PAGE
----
Commemorative sites in Villers-Bretonneux
Australian National Memorial
On the road to Corbie (D23).
Designed by the architect Sir Edwin Lutyens and unveiled on July 22nd, 1938 by the King George VI of England, this imposing white stone monument, with a Commonwealth Cemetery in the foreground, consists of a tall central tower with two corner pavilions linked to the tower by plain walls that bear the names of 11,000 Australian soldiers who fell in France, and whose graves are not known.
ANZAC day is celebrated there every year.
French Civilian War Memorial
At Charles de Gaulle Square, near the Town Hall.
Inaugurated in 1929, it consists of a red granite stone on a blue granite base and a statue of a tearful woman who holds a wreath in her right hand and a palm in the left hand.
On the base of the monument a plaque is situated, bearing the following inscription in French: “souvenir aux amis australiens morts pour la libération de Villers-Bretonneux” (In remembrance of Australian friends who died for the liberation of Villers-Bretonneux).
On the road to Amiens (D1029).
It was here, in 1993 that the remains of an unknown soldier were exhumed and which now lie in the chapel of the Australian War Memorial in Canberra.
An engraved stone commemorates this event.
"Touring Club" Demarcation stone
During the years following the end of the First World War, the French and Belgian Touring Club decided to mark the front line as it was in the victorious offensive of the second battle of the Marne on July 18th 1918, from the North Sea to the Swiss border; there are 119 of them covering over 750 kilometres.
No more than one metre high, these pink granite stones are the work of the sculptor Paul Moreau-Vauthier. They are covered with a laurel wreath surmounted by a helmet of the nation that stopped the invader (Belgian, British or French). Everyday equipment of the soldiers at this time are sculpted on each side: grenades, water bottle and case for gas mask. Palms are engraved on each corner while you can find the inscription in French on one of the sides “Ici fut repoussé l’envahisseur” (Here the invader was brought to a standstill).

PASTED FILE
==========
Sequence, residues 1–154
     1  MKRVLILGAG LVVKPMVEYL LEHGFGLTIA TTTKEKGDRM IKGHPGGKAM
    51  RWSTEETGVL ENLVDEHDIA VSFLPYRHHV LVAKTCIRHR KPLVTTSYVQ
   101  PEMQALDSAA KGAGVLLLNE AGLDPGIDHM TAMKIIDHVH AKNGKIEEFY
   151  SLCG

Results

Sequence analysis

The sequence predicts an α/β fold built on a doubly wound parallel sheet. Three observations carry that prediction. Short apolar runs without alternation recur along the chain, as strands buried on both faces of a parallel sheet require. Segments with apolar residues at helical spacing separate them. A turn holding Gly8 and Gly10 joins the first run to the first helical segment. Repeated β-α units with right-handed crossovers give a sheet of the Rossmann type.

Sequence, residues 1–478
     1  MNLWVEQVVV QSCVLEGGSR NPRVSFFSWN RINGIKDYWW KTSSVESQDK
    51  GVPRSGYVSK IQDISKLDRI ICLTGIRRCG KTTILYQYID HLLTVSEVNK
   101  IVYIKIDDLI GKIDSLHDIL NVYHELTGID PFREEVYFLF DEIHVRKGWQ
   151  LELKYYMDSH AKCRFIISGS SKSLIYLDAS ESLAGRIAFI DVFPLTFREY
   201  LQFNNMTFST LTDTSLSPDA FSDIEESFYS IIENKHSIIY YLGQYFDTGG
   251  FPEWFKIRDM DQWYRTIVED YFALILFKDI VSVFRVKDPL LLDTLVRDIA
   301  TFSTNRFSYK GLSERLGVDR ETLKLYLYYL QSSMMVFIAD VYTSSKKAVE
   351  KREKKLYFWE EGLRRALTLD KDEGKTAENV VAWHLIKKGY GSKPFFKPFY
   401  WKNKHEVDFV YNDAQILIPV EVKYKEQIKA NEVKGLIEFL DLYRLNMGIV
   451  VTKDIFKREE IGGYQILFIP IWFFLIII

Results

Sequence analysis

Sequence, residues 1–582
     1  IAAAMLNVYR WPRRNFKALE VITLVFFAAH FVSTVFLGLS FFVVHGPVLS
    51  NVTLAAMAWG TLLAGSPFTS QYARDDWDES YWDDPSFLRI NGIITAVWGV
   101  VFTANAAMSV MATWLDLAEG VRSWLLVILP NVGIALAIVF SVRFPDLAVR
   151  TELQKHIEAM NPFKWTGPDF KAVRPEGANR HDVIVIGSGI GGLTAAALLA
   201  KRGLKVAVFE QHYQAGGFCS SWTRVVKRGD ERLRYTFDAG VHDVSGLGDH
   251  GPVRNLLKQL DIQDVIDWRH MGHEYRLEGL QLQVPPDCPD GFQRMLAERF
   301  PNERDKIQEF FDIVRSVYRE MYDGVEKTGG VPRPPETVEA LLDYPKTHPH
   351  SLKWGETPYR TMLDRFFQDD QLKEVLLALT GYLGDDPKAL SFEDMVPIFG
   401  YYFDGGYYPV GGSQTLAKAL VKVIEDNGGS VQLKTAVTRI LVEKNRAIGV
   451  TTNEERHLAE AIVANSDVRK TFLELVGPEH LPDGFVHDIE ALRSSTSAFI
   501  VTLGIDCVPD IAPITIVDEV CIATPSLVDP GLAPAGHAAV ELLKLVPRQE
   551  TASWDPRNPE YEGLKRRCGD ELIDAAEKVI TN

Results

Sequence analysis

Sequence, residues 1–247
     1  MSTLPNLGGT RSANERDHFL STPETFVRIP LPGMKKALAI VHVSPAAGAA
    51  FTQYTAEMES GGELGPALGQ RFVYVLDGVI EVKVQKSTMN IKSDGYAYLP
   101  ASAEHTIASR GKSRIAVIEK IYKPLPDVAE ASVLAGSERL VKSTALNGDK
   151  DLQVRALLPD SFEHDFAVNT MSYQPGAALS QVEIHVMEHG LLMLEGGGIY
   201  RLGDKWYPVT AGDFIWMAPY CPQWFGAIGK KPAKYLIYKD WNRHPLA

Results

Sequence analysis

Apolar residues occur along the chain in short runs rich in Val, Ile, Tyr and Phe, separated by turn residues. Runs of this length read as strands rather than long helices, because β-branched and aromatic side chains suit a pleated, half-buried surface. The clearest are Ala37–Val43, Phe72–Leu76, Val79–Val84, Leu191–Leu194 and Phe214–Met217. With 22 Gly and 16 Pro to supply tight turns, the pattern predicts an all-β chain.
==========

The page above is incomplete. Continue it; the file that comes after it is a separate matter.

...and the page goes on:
You can find the demarcation stone on the road to St Quentin (D1029).
Situated at the entrance of the small garden in front of the Town Hall, is an engraved bronze commemorative plaque (in French and in English) made by the Australian Dr Ross Bastiaan, to commemorate the battle of Villers-Bretonneux.
You can also find numerous references to Australia in the street names of Villers-Bretonneux: Victoria Street, Melbourne Street, Robinvale Square.
On the road D168, direction Cachy, a small monument reminds us of the first battle in the history of war between German (A7V) and British (mark IV and Whippet) tanks, April 24th, 1918.
For this battle, thirteen A7V’s were divided into three groups of attack:
- The first, composed of 3 A7V’s, in Villers-Bretonneux
- The second, composed of 6 A7V’s on the south boarder of Villers-Bretonneux and the woods ”bois d’Aquenne”
- The third, composed of 4 A7V’s, in the village of Cachy.
At the end of the battle two tanks were abandoned; the “Elfriede” and the” Mephisto”.
After the fall back of the Germans in the area, the “Mephisto” was recovered by the Australians troops and sent to Australia as a war trophy. It is now on exhibition in Queensland at the Museum of Brisbane. It is the only tank A7V to have survived the scrape yard.
A small scale model (1/12.5) of the Mephisto is on exhibition at the Franco-Australian Museum in Villers-Bretonneux.
In the small garden behind the church is a stone copy (presented on ANZAC day 2008) of the wooden cross erected by the 51st Australian Battalion on the battlefield on April 24th, 1918. The original, taken to Australia in 1956, is now in the Saint George Cathedral in Perth.
Crucifix Corner cemetary
On the road to Démuin (D23).
In this cemetery, where graves of soldiers from the Commonwealth and French Empire are brought together, you can find a stone plaque with the following inscription in French: “Aux Héros morts pour la defense de Villers-Bretonneux. 24-25 avril 1918. Les habitants reconnaissants.” (To the Heroes who died for the defense of Villers-Bretonneux, April 24th-25th, 1918 from its grateful inhabitants).
Croix de Villers-Bretonneux